2. You should always clarify BEFORE you start writing, but it's absolutely reasonable to make it clear that you will retain all material including the notes they give you in exchange for doing unpaid work on a script. And if someone balks at that, the easy response is, "I'm happy to let you own that draft and make it a work for hire... but that requires you paying me." Just make sure it's 100% clear (i.e. on-record, in writing) that you will own the results and proceeds of this kind of draft first. You don't want that guy coming around later and saying he's got a claim to that draft.

  4. Thanks for this, it's a tricky situation that I didn't really know the ins and outs of before. I was in it a while back when a company wanted to renew the option (having paid for it properly initially) for no further money. I told them to get lost, then belatedly realised that there wasn't anything I could do with the draft I'd written for them anyway - luckily they didn't call my bluff and came back with money, but it could have been worse!

    There are so many sticky situations like this, an inevitably it's writers that lose out - I often feel that the entire system needs an overhaul... though don't fancy the chances of it happening!

  5. Couldn't a simple solution be to include a line in the option agreement whereby the writer with retain all ownership of rewrites during the option agreement if the option should expire?

    1. You're unlikely to get the company to agree to include that line in the option agreement. Otherwise, why would they pay you for rewrites at all if there's a chance they could lose them and end up with nothing?

      The situation Claire was in (above) is a great bargaining position for that kind of ask, though. If the company wants a free option, that's a great time to say, "Okay, you don't have to pay me, but I want ____ in return." And I've seen people fill in the blank with all kinds of stuff including ownership of sterile drafts, extinguishing a lien against the project, adding a turnaround or reversion clause, etc.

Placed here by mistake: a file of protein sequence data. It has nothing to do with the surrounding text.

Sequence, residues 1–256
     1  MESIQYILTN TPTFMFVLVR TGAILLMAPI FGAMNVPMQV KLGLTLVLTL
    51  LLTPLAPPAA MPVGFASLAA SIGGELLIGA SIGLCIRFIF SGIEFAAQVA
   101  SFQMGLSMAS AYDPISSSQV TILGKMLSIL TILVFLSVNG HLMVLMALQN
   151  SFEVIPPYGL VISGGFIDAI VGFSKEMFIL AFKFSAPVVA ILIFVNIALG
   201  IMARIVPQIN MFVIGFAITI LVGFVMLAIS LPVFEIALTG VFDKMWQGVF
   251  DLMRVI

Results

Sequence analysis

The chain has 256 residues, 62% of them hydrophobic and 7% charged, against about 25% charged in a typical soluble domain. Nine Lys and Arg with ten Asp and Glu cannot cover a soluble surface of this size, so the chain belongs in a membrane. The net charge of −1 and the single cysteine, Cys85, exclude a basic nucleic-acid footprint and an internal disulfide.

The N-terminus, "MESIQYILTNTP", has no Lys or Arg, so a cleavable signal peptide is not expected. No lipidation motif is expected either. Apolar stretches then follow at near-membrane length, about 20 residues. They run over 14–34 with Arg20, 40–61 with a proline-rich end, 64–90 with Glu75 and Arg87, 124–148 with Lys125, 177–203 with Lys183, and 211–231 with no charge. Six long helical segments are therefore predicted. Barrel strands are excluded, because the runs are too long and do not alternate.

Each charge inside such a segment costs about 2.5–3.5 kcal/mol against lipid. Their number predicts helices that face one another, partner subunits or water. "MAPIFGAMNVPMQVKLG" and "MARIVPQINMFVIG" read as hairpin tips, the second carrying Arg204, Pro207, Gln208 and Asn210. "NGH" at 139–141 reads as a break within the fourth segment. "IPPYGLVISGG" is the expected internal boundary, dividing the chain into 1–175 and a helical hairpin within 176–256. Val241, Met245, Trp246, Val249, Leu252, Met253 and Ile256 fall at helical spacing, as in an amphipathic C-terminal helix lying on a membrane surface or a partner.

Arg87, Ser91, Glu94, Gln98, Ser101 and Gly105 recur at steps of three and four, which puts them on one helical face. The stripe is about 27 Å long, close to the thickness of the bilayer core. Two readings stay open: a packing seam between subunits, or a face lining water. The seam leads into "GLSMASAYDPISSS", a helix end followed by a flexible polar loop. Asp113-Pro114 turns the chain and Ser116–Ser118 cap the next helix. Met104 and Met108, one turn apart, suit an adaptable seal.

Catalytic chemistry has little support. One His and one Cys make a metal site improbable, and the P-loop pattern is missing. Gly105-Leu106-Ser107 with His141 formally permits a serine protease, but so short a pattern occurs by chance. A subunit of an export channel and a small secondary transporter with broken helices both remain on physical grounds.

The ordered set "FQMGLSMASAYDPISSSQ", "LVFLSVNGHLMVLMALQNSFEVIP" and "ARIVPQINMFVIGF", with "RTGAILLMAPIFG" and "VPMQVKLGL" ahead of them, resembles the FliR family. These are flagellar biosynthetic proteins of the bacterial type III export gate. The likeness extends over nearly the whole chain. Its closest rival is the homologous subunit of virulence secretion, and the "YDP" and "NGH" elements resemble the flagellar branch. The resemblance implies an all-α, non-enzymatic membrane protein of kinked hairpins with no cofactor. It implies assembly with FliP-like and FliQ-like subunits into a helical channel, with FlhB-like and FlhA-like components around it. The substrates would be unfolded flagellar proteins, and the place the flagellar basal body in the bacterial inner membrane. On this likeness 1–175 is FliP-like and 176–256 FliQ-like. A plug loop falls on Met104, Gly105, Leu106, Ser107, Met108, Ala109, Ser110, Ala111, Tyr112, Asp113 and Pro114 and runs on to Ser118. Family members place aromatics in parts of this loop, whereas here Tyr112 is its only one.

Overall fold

It's all about leverage. When you're first making the deal, you don't have a lot unless your name gets people in theaters. But be patient; through the development process there may very well be a point where you have a bit more leverage and those are the times where it's handy to remember this kind of stuff.

  6. I've just stumbled across this post and wanted to add a further dilemma.

    I've a TV series pilot script that's been optioned for a nominal fee. The prod co has requested rewrites based on their notes which so far I've been doing for free. Nothing major so didn't want to push for payments when the opportunity to network with directors and producers was on the table.

    However, the prod co are now requesting me to write another episode. They see it as two scripts will provide a stronger pitch than one, especially as I'm an unknown.

    I'm really uncomfortable with this situation. Firstly I don't think I should be writing another episode at this point (no broadcaster has requested it) and secondly if I do write it I should surely be paid to do so. And what would be the legal ramifications on this second script once the option runs out?